Prospecting for caves (Sam Deeley)

Expedition Dates

  • 1st September to 15th September 2018 – main expedition dates

Objectives

The expedition has a number of goals.  The following are a few primary objectives:

Cueva del Nacimiento

  • Jurassic World – Terror Firma – multiple avens and climbs,
  • Pina Colada Bypass – a 3-10m rift leads off from the Pina Colada sump.
  • Joe’s Crack – un-descended shaft behind Death Race camp.
  • Teeth of Satan – Wet Aven – +30m aven with draft and calcite squeeze, requires enlarging.
  • Dan’s Big Room – unexplored section of maze in area of Dan’s Big Room and Winter Gardens
  • Parting Friends – a dive of the Parting Friends sump is planned.
DR traverse (Chris Jones)

Cueva de la Marniosa

  • Beyond Sump 2 – a dive of sump 2 and exploration beyond is planned

Pico Boro (SUSS)

SUSS are also involved and will take on responsibility for exploring either  Flowerpot on the Pico Boro area.

  • FlowerPot – re-rigging and exploration of leads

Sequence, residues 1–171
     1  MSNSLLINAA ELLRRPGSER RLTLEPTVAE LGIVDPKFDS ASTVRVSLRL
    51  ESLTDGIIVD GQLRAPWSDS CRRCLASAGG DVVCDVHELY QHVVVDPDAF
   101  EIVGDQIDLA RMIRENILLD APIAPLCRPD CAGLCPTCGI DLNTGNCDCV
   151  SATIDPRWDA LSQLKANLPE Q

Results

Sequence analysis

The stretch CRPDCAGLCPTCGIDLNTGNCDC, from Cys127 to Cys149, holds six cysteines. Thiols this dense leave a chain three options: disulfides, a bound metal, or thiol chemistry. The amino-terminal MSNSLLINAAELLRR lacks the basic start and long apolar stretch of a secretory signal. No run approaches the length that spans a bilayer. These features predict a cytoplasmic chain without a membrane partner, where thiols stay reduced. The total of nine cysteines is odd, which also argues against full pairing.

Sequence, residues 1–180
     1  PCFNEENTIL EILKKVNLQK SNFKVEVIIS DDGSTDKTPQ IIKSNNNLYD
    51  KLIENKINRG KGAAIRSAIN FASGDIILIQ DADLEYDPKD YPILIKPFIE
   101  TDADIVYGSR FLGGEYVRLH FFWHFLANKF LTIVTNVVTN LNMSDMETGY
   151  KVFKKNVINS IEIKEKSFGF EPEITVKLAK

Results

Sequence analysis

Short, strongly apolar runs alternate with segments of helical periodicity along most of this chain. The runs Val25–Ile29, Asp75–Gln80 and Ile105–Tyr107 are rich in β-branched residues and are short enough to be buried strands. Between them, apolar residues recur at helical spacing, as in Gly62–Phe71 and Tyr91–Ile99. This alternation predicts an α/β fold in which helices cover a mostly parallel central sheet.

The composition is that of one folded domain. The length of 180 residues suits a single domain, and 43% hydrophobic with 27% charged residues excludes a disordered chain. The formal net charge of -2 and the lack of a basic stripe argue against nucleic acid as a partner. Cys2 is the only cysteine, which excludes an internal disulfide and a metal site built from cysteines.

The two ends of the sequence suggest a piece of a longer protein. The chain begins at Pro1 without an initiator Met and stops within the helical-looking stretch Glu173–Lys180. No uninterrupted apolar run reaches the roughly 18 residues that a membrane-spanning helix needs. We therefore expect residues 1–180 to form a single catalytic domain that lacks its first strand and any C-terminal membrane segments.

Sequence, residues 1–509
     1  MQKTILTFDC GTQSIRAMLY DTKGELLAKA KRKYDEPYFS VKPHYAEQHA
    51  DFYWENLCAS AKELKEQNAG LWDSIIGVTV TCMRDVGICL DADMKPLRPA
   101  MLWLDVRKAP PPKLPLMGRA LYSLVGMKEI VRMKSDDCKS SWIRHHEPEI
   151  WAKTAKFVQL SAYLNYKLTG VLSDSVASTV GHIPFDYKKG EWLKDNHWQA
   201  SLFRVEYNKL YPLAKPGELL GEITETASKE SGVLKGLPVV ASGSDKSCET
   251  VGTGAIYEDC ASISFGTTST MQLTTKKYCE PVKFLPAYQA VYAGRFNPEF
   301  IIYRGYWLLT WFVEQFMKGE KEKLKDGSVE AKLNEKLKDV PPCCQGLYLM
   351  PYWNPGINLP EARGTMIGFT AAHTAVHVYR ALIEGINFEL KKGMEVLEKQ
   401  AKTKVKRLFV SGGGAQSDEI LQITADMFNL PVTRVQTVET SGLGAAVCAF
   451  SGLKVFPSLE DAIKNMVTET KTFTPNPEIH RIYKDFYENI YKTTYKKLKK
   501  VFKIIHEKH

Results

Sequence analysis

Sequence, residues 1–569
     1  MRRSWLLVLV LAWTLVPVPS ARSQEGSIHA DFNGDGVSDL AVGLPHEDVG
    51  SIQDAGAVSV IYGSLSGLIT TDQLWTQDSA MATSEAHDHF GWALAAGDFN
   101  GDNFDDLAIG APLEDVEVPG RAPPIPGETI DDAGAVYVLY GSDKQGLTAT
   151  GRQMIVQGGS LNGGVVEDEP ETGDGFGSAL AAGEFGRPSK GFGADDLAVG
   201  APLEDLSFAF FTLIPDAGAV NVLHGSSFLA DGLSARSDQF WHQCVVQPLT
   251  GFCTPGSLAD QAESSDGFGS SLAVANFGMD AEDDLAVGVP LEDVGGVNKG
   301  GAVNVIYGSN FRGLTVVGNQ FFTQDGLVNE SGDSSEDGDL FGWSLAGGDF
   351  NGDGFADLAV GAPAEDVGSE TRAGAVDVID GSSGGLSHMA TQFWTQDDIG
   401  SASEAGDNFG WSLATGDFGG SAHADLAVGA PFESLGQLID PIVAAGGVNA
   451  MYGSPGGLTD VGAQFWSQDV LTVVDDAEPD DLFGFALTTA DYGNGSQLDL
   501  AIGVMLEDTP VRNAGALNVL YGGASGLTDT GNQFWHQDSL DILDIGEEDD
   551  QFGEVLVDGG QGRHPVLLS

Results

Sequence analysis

• Surface sweep and logging of entrances in Sara Depression (around camp)
  • Surface sweep and logging of entrances in Pico Boro area


Secondary Objectives:

Time and resources permitting there are a number of secondary objectives that will be attempted:

Sistema Castillo

A large mine and natural cave complex in the Minas de Mazarrasa area.  Pozo del Castillo series was explored to -292m depth in 1983, with either a howling draft or roaring waterfall beyond a constriction at the limit.  The potential of the cave is significant but currently a collapse prevents getting to the end. Pozo Natacha series ends at -309m depth and is close to the same point in Castillo.